The distribution function of the density of the sources is obviously a function with multi-scale structure due to the different brightness and contrast of images. This circumstance gives the rise to the presence of singularities in solution of problem (unsmoothed unknown function).

The traditional methods give smoothing of the solution in the vicinity of singularities of the unknown function (blurred solution), the greater, the greater inaccuracy of input data  (this error is determined by the distortion of an optical system, error of the measuring system, as well as the presence of noise of different origin). The total distortion of the sought solution may be unacceptable even for moderate levels of error input data .

However, in a wide range of applied problems there is a priority information about the solution, use which, when building the corresponding methods, can significantly improve the quality of approximate solutions[4, 5].


To do this, in the development of a regularization algorithm, it is necessary to use the methods of selection of approximations, ensuring convergence of the approximate solution to the exact one together with the derivative at the plots of the corresponding smoothness. Indeed, the visual nature of the change curve at a given point is defined by a coordinate and a direction of a tangent. Therefore, bringing on smooth areas, not only the decision itself, but also its derivative, it is possible to improve the quality of the approximations.

This article describes the simulation results of the proposed method of reconstruction of the distribution function of density of sources on the experimental one-dimensional model (the imitator) of single aperture telescope of millimeter range (λ 1.2 mm).

Methods of solving the considered problems

Consider the main features of the proposed algorithms and their differences from traditional methods of regularization.

Imagine the task in the operator form:

                          (1)

Here A is the integral operator of the 1st kind,  f - the right side (the result of measurement), u - is the desired solution.

If the right part f is known not exactly, but with some error (, - the norm in functional space), the approximate solutions , some that can be arbitrarily hard to distinguish from each other when  is arbitrarily small.

The vast majority of regularizing algorithms of solution of the problem (1), traditionally based in one form or another[2, 6] for minimization of the functional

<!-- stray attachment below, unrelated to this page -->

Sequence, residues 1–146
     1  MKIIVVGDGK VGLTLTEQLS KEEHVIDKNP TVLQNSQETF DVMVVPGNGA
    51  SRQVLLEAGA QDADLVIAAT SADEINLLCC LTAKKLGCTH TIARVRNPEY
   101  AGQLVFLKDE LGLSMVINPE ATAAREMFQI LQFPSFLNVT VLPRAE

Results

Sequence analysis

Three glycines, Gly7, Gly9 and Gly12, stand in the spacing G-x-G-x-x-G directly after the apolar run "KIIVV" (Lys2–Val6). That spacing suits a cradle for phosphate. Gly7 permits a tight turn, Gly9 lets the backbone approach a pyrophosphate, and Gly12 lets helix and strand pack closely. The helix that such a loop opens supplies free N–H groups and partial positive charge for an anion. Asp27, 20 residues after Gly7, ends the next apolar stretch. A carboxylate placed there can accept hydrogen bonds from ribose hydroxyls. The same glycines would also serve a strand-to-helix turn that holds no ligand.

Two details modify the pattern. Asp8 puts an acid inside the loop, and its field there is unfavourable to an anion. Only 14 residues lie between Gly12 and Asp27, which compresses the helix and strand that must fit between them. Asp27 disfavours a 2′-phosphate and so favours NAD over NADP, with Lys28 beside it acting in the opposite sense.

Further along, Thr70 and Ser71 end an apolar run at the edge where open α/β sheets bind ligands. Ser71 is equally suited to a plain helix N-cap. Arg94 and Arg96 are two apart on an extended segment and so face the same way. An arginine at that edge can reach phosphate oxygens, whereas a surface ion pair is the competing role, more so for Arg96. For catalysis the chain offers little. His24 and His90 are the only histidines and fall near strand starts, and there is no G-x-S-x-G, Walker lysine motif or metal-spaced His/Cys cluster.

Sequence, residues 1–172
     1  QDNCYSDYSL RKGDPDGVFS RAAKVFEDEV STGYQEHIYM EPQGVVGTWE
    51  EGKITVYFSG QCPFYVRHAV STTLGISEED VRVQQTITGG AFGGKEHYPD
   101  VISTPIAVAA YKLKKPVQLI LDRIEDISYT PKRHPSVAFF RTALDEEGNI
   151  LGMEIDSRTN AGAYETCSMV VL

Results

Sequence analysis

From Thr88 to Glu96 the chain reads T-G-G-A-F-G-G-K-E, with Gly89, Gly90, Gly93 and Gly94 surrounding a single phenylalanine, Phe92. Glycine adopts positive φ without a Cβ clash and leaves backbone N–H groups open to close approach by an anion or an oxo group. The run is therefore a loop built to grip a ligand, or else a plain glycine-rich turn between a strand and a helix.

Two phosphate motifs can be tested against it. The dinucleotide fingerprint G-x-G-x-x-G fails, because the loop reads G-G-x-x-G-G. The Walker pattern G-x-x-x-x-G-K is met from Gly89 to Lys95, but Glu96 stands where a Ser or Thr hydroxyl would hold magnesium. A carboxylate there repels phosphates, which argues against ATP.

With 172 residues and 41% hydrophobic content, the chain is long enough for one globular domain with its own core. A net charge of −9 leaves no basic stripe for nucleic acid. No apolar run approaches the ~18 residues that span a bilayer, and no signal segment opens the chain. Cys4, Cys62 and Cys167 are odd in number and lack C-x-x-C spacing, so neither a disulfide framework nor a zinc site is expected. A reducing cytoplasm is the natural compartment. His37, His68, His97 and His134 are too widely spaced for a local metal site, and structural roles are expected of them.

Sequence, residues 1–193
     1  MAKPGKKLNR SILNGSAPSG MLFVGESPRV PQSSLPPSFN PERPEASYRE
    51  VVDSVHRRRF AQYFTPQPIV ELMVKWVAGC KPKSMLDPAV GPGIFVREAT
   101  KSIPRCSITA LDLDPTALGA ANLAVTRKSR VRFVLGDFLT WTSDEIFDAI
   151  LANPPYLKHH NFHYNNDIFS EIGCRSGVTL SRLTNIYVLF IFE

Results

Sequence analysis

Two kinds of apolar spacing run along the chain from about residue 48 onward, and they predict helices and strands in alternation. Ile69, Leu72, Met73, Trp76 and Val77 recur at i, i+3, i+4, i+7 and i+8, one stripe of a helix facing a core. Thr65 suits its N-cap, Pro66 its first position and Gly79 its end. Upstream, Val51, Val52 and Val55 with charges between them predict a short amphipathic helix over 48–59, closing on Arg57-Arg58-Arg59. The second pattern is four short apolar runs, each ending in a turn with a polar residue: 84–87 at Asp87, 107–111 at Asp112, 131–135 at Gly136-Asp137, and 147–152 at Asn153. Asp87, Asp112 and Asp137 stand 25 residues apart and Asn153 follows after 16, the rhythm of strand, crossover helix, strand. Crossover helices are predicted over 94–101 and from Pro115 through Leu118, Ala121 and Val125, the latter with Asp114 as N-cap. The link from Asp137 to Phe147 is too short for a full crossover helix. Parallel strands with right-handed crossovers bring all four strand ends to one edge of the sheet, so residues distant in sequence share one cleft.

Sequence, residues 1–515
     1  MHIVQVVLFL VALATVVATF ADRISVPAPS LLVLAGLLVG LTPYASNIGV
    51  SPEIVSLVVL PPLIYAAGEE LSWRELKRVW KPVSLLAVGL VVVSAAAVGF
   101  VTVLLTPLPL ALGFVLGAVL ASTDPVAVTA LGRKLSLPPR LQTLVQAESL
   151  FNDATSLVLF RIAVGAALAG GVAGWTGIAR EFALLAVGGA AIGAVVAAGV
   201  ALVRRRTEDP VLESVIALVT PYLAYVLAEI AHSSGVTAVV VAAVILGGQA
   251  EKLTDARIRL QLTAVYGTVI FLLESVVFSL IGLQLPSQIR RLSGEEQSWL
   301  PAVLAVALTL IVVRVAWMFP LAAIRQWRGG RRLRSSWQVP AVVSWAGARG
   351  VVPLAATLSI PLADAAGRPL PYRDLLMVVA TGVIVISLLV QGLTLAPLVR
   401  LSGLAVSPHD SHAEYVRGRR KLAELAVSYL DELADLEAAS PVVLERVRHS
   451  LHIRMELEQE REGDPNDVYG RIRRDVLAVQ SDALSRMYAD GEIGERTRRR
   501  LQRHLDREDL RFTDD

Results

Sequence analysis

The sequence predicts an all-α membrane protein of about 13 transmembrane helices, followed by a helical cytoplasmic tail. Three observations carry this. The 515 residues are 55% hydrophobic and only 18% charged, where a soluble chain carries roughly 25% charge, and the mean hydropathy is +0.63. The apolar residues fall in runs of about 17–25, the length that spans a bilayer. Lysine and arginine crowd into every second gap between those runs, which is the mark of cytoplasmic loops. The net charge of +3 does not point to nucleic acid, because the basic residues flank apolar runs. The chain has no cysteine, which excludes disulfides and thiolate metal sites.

)  (2)

At the same time - is the so-called stabilizer and - regularization parameter. The stabilizer is introduced in order to ensure the stability of the resulting approximations to small changes ofsince solving the problem of minimizing the functional does not possess the property of stability.

In equation (2) one may see the cause of the above smoothing (blurring) of the solution. Such smoothing makes use of a completely continuous operator in functional .

To find the distribution function of sources in the present project it is proposed to use ideas of works[5-7]. The main difference is represented in these works, regarding algorithms and traditional methods, is that instead of (2) a variational problem of finding the minimum variation of the sought solution (or its derivatives) is introducing:

                 (3)

After this the ratio is considered as an additional condition, along with other conditions resulting from a priori information about the decision and recorded in the form of linear constraints on the desired solution.

The variation of function characterizes the differentiability properties of this function, and the differential operator is unbounded and, therefore, may have a continuous inverse operator, that gives the opportunity to build sustainable solutions that preserve the properties of smoothness of the required function. The solution of the problem (3) does not require the introduction of "stabilizers" (it is possible to prove that the functionality is known as a "stabilizer"), and also allows to refuse from the concept of the regularization parameter .